That was the moral of a story I created with a partner, in which our hero found that a banana is an inferior dueling weapon compred to a baguette.
No, I'm not kidding, and neither was Michelle James when she gave us the exercise of telling stories in which our partners threw in random, irrelevant words that we had to incorporate immediately. Underneath all of the laughs and hijinks of improv exercises were powerful lessons for how to build a team and engage in productive and creative ideation processes.
This is my fourth time in James's improv workshop at FEI, and what amazes me the most is how she is able to highlight different lessons each time. The energy and excitement in the room, combined with the profound change in the crowd over the course of a mere 75 minutes illustrates the stunning power of improv (and our fearless facilitator!).
You can't just jump into creativity -- warm up first!
The workshop began with some basic ground rules, like making everyone look good, that serve as a basis for building trust. But, we can't just take those rules and get into hard core, freewheeling imagination. The story exercise above came last, and we all admitted that it would have been nearly impossible as a first exercise. Over the course of several activities, James warmed everyone up and highlighted different rules that help not just the improv process, but the innovation process (and she had case examples to back that!).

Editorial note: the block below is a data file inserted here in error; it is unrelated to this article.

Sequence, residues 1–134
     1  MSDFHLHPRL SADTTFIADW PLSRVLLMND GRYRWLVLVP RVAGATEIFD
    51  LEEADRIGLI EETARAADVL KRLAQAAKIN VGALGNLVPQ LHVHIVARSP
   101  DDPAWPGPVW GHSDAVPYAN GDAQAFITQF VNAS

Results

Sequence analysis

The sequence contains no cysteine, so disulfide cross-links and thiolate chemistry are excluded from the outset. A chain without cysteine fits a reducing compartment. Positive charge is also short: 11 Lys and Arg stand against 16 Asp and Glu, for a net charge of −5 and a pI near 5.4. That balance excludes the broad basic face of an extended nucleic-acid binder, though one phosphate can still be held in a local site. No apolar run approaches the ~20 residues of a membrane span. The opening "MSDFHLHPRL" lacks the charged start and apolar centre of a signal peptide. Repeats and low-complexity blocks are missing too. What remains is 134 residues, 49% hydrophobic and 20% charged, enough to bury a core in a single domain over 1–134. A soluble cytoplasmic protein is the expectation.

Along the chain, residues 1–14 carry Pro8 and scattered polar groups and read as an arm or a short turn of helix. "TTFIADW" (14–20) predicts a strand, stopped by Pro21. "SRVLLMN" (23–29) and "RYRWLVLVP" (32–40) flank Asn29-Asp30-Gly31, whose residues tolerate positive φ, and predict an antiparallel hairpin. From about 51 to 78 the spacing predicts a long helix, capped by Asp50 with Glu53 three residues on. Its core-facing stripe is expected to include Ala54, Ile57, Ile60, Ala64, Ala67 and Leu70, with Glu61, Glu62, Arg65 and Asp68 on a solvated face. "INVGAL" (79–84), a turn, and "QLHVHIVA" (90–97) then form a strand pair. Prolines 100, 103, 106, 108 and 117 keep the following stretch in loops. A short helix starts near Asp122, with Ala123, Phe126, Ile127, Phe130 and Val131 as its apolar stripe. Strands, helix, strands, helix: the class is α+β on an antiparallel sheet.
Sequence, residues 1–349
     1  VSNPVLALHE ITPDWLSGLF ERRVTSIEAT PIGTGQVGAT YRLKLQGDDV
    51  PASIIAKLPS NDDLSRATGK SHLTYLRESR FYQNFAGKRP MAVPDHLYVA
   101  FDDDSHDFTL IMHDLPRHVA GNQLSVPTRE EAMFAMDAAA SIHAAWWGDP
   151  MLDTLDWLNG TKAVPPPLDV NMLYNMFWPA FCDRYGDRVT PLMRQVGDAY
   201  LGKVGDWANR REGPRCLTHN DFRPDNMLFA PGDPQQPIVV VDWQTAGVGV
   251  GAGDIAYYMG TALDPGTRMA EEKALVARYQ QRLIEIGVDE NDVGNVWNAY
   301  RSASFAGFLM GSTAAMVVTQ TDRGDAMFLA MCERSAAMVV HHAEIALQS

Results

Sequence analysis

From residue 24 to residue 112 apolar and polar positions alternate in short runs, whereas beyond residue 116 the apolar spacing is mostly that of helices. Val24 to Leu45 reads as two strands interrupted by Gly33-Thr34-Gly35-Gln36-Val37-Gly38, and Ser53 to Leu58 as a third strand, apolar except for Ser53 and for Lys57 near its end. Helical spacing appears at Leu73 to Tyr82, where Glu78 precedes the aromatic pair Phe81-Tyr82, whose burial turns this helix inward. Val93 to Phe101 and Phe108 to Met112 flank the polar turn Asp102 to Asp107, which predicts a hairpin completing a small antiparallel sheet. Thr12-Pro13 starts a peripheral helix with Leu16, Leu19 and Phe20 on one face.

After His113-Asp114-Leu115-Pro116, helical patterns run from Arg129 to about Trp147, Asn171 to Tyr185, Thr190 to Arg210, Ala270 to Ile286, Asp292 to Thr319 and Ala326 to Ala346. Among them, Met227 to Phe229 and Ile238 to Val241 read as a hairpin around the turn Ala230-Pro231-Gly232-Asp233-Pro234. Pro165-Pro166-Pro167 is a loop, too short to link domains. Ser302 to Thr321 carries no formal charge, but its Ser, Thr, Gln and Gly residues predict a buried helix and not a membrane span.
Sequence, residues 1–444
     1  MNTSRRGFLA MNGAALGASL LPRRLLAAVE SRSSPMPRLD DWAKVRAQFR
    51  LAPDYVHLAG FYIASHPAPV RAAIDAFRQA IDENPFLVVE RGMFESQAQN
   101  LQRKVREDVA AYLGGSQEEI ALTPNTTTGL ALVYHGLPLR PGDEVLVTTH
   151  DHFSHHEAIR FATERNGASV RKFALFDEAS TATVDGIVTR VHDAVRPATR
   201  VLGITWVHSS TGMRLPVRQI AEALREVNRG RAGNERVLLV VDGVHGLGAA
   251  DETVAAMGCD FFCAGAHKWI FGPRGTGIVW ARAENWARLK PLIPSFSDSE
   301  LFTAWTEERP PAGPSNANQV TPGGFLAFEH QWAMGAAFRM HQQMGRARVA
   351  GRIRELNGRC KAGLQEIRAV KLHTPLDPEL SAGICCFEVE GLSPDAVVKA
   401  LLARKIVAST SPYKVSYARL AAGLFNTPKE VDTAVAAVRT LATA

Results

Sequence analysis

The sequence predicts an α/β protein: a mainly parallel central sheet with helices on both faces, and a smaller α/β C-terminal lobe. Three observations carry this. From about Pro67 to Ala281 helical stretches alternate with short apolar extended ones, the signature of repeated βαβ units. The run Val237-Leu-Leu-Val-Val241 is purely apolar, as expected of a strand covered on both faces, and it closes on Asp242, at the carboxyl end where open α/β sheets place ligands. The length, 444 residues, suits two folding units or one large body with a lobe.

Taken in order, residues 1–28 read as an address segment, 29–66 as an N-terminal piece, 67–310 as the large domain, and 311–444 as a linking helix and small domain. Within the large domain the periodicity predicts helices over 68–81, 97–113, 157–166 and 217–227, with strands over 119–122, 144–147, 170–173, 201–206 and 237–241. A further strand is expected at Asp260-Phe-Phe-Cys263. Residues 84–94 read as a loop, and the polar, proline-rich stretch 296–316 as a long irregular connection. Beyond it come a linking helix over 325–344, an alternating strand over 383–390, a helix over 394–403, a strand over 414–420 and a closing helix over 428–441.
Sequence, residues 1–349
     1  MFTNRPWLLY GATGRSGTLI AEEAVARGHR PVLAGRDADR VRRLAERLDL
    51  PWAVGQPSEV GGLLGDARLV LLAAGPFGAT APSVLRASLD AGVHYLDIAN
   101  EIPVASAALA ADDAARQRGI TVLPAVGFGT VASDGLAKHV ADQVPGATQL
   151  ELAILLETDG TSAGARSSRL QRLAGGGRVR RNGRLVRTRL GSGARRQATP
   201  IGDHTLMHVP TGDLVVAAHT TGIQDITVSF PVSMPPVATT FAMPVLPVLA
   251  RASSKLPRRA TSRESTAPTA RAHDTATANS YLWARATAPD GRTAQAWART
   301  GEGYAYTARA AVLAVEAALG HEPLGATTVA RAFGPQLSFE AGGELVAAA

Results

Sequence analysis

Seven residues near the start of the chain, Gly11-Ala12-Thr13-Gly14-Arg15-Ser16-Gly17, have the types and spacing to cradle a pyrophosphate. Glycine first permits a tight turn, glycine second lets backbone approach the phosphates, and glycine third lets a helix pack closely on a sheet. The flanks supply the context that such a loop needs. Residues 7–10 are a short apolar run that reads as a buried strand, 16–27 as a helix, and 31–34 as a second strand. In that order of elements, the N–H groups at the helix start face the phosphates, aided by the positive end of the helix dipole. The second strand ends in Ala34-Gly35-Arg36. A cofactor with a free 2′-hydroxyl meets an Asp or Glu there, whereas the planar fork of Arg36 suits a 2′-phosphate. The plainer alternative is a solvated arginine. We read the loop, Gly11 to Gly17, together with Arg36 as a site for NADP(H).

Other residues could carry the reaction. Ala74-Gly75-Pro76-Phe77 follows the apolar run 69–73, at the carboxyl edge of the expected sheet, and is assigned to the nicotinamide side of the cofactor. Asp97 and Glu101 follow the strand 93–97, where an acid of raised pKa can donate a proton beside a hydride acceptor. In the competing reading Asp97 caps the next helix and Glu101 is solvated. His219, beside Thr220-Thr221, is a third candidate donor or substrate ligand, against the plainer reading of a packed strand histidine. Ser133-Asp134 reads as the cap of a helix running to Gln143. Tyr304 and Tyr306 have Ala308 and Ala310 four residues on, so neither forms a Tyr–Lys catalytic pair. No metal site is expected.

Serve the scene
It's hard to step out of your comfort zone! There's fear of judgment, fear of the unknown, and fear of incompetence, and all three can inhibit creativity. The trick, however, is to recognize that the process is not about the individual; it's about the outcome. If we can keep our focus on "serving the scene," we find ourselves caring not about whether we look bad, but whether the result looks good. In doing so, we become less inhibited and more willing to take the kinds of smart risks that people can build on to make a stunning product.
Trust the process (and your partner!)
In serving the scene, we also learn how to build rapport with the team, and over the course of several exercises, we found that it was increasingly easier to open up and trust our partners not just to give good input, but to augment our contributions and treat them as important (another rule of improv). But, that trust doesn't come immediately -- it builds over the course of multiple exercises as different partners prove to us, over and over, that we are in good hands.
By the time storytelling came around, we were ready to make a meaningful product...one word at a time!